How to Build Organic Matter in Soils?

 The amount of organic matter in soil is the result of two processes: the addition of organic materials (roots, surface residue, compost, etc.), and the loss through decomposition. Soil organic matter is continuously produced and broken down by living soil microorganisms, insects, and worms as they consume it for food. Microbial activity and decomposition rates of organic matter are enhanced in warm, wet conditions.

Regular additions of organic residues are needed to maintain a consistent amount of organic matter in soils. In a natural ecosystem, this addition is achieved by the constant recycling of organic matter as plants and animals leave residues or die. In an urban landscape, this cycle is often disrupted when plant trimmings and residues are removed and sent to the landfill.

For a gardener, the most common and rapid way to build soil organic matter is to add plant or animal residues back to the soil. Grass clippings and leaves contribute nutrients and organic matter if these organic sources are directly returned to the soil. Alternatively, these materials can be composted (along with plant clippings and some food waste) and then returned to the soil. Another option is to purchase organic amendments (e.g., composted manures, biosolids, or yard waste) from a lawn and garden store or a local composting facility. Animal manures are also an excellent source of nutrients and organic matter and can be successfully added to soils once manures have been well composted.  Avoid adding raw manures to the soil in your landscape as these uncomposted materials may burn plants and may also have an offensive odor. For more information on using manures, check out The Garden Shed article on “Manure”.

Another often overlooked way of adding organic matter to the soil is the use of cover crops. Cover crops provide a relatively easy way to add organic matter to the soil. The mat of roots formed by the cover crop is often more valuable than the above-ground biomass. Both winter (annual rye) and summer cover crops (buckwheat) can be used. For more information on cover crops, see The Garden Shed article titled “Cover Crops.”

Keep in mind that whenever the soil is tilled, it can be detrimental to the structure of the soil.  Tilling exposes organic matter to air and increases the rate that organic matter mineralizes. It also increases the risk of organic matter being lost by erosion.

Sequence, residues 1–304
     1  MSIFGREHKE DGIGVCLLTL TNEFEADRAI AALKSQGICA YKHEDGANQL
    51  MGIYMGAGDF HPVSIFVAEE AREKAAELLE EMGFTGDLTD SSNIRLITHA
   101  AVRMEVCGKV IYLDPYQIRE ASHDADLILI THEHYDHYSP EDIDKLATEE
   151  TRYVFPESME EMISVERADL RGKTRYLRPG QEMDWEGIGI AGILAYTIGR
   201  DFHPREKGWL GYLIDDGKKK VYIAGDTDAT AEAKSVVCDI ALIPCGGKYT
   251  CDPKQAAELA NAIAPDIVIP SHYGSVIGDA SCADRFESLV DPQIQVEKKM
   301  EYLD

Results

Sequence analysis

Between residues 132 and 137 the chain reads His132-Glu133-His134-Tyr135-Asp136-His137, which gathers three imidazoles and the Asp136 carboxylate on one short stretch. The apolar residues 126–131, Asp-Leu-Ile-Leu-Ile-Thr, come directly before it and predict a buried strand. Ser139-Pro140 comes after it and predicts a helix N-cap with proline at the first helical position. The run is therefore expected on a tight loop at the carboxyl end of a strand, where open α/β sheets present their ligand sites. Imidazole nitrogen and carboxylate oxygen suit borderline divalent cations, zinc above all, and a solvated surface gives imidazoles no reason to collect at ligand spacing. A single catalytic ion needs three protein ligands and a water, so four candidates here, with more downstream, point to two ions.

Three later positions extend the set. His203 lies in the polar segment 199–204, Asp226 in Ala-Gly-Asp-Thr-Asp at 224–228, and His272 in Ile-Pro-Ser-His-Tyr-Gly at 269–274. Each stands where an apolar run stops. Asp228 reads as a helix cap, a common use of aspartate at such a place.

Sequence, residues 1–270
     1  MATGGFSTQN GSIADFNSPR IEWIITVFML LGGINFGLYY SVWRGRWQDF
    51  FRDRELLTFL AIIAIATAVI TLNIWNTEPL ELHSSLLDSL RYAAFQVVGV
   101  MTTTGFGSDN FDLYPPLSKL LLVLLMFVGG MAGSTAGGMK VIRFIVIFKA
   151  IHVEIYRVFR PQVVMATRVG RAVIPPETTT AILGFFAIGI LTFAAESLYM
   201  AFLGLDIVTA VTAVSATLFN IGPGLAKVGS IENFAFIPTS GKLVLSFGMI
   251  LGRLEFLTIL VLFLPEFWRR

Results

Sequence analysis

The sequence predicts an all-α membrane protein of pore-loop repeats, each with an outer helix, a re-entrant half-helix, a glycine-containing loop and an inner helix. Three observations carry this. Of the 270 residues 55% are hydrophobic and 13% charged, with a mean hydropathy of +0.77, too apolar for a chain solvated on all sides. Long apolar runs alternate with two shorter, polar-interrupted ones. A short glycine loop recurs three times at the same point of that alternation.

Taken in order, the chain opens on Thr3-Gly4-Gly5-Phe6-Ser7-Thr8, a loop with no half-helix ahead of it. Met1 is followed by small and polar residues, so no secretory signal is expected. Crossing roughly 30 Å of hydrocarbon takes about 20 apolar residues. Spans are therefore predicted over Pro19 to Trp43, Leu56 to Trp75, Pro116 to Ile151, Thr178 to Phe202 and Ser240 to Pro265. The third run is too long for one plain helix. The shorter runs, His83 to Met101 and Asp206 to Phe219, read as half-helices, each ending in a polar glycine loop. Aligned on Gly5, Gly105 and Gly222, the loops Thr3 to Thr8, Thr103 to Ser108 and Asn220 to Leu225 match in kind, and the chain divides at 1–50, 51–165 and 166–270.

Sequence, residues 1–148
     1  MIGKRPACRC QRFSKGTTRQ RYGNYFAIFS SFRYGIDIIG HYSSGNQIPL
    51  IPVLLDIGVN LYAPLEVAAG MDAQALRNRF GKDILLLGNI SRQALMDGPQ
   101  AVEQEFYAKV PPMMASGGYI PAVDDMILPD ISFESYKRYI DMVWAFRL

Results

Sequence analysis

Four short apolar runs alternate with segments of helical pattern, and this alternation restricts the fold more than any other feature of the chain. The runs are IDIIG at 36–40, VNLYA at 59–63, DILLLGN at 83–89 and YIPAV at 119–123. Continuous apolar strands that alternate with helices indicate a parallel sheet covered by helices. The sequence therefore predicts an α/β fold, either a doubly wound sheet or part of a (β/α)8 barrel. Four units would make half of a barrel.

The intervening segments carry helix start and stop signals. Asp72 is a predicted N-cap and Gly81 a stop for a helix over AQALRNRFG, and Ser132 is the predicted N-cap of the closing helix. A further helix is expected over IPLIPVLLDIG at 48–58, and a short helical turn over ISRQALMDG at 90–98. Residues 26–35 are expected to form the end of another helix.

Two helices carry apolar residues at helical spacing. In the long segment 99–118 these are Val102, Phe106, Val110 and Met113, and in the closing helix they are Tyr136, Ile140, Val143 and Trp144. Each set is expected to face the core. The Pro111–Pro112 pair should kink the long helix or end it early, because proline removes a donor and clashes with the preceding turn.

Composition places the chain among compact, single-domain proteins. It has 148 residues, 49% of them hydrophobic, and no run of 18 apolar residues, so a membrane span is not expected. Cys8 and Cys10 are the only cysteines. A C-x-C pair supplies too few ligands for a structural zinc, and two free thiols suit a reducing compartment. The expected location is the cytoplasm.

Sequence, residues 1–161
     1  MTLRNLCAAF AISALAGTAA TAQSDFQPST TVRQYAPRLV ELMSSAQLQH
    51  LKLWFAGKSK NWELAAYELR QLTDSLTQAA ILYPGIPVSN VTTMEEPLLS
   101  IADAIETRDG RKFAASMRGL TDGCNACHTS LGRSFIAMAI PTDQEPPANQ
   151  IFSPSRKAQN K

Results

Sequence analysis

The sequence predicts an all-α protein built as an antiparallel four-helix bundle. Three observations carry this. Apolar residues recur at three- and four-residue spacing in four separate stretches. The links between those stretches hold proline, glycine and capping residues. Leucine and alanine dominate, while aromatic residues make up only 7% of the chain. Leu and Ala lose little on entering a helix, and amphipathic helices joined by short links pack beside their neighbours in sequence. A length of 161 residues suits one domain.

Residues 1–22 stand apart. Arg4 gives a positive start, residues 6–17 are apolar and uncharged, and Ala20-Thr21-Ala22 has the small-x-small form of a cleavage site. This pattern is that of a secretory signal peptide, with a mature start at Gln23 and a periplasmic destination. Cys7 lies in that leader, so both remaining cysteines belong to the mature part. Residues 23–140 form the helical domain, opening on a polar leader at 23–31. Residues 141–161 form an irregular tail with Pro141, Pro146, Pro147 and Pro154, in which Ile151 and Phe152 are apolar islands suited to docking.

Building soil organic matter is a slow and gradual process. First, the amount of residue and organic matter need to be increased. This extra amount will increase the species and diversity of macro– and micro– organisms in the soil. These organisms then will actively decompose organic matter. It may take a decade or more for organic matter levels to significantly increase. Fortunately, the beneficial effects of the changes in organic matter can be seen after just a few additions of organic residues/compost.

Generally, the greater the organic matter level, the better the overall soil tilth or soil quality, as nutrient- and water-holding capacities increase, and improved aeration and soil structure enhance root growth.  Increasing the percent of organic matter in a soil can reduce the need for watering, improve plant vigor, and increase crop yields.

Thank you for stopping by The Garden Shed this month, and we hope to see you again next month!


“Soil Test Note #1 – Explanation of Soil Tests,” Virginia Cooperative Extension, Publication Number 452-701,

“Anions and cations in plants, oh my! But why do we care?” Michigan State University.

“Why Soil Organic Matter Is So Important,”

“What Does Organic Matter Do In The Soil?” Noble Research Institute,

“Managing Soils,” Penn State Extension.

“Organic Matter in No-Till Production Systems,” Oklahoma Cooperative Extension Service, Publication Number PSS-2267,

“Organic Matter Can Improve Your Soil’s Water Capacity,” The Natural Resources Defense Council,

“Soil Organic Matter and Available Water Capacity,” Journal of Soil and Water Conservation,

“Farmers Bulletin 924,” USDA,

“Manure,” The Garden Shed, Piedmont Master Gardeners,

“Cover Crops,” The Garden Shed, Piedmont Master Gardeners,

“Organic Matter in Soil,” USDA,